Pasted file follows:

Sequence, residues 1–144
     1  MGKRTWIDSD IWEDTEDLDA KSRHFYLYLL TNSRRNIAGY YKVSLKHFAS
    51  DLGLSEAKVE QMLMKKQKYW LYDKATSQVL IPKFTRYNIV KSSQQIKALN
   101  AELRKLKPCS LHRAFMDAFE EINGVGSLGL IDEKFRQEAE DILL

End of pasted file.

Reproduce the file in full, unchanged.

Sequence, residues 1–144
     1  MGKRTWIDSD IWEDTEDLDA KSRHFYLYLL TNSRRNIAGY YKVSLKHFAS
    51  DLGLSEAKVE QMLMKKQKYW LYDKATSQVL IPKFTRYNIV KSSQQIKALN
   101  AELRKLKPCS LHRAFMDAFE EINGVGSLGL IDEKFRQEAE DILL